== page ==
Religions have the habit of deifying anything that would otherwise look very human for the purpose of achieving the unachievable mysticism they’re trying to represent. And since Christianity has become a Western religion, it would come to no surprise that the person this religion gravitates around would be depicted as a Caucasian male.
So, you often see the most beloved figure of Christianity depicted with long golden hair, fair eyes, pale skin, and a face as white and gentle as an angel’s. However, this might be very far from the truth in so many ways if forensics were to be brought into the game.
Dr. Richard Neave, a retired medical artist from the University of Manchester, decided to try to unravel the mystery of what Jesus could have really looked like. For that purpose, he gathered a team of forensic scientists who could help him recreate the face of the Son of God.
Bearing in mind that no physical remains of Jesus have been discovered so far, the team worked on developing the image of the typical Middle Eastern Jew that would encompass both physical features and cultural characteristics of that time, such as hair and beard length.
After analyzing the facts that are known for the period and the people where Jesus comes from, Dr. Neave and the forensic team came to the conclusion that Jesus most probably had a darker complexion, wide face, dark eyes, and short curly hair.
And in truth’s favor, it would be utterly unimaginable to put a Caucasian male in a Semite world, when even the Bible talks about Jesus’s Jewish origins. Except if you want to talk about ‘God’s mysterious ways’.
So, to clear things up, the forensic team X-rayed three Semite skulls which were earlier discovered in Israel, while also utilizing available cultural and archaeological information.
After using modern forensic methods and computer programs to achieve as-high-as-possible accuracy, the team finally succeeded in creating the typical Jewish face from the period of Jesus.
This, however, doesn’t mean that Jesus looked exactly like the person in the picture. It could be even far from this, but closer than any of the depictions that the Church likes to present to its followers.
As Allison Galloway, professor of anthropology at the University of California, says, “This is probably a lot closer to the truth than the work of many great masters.”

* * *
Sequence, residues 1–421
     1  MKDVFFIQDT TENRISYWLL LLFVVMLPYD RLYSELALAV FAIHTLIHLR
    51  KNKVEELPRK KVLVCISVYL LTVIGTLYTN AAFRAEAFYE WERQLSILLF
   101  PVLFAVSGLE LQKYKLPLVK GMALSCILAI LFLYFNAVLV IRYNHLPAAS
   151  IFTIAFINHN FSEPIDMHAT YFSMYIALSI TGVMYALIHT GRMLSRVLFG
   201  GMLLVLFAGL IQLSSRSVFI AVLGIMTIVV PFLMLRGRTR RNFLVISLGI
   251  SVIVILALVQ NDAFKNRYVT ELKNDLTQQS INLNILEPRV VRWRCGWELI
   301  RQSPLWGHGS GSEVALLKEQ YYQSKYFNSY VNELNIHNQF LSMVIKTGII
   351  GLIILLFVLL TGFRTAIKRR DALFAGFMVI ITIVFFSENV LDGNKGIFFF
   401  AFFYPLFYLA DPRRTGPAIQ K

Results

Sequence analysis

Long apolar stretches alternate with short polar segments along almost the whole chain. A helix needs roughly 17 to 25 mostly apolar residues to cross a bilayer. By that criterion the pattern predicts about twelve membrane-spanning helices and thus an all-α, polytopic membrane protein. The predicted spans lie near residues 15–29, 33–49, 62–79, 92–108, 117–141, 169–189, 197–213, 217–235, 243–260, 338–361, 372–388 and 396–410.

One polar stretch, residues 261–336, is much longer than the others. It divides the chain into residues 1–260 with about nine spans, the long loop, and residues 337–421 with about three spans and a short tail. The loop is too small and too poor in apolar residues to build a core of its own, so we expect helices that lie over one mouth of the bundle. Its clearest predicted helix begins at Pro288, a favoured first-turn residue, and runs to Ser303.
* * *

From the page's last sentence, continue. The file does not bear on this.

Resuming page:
When you think of it, it was long before the West accepted that Egyptians weren’t white either. But it’s natural to assume that influence comes with color as well. How different would the world be if people weren’t taught to idealize the complexion of one’s skin?
There can be many explanations behind why Jesus was depicted as a man who could have never existed in such a society. One rational explanation is that Byzantine religious art didn’t gravitate much around the actual facts, but rather around the message it was meant to send.
Jesus’s depictions come as a result Byzantine art’s effort to portray him as the ruler of the Heavens, dressed in a golden toga and having long hair and beard, just like the deities before him.
As for the complexion? It would be easier for Caucasians to accept a Caucasian leader of faith than get accustomed to a complexion which was not so common among them. Jesus had no chance of being as white as Christianity tends to portray him, nor was it likely for him to have blue eyes.
“The fact that he probably looked a great deal more like a darker-skinned Semite than westerners are used to seeing him pictured is a reminder of his universality,” says Charles D. Hackett, director of Episcopal studies at the Candler School of Theology in Atlanta.
“And it is a reminder of our tendency to sinfully appropriate him in the service of our cultural value.”
Perhaps with the emergence of new knowledge will we understand just how uniting his philosophy was – one that will require you first to embrace something different from what you prefer to perceive.
Do you think that Jesus could have really looked like that?
Source: The Sun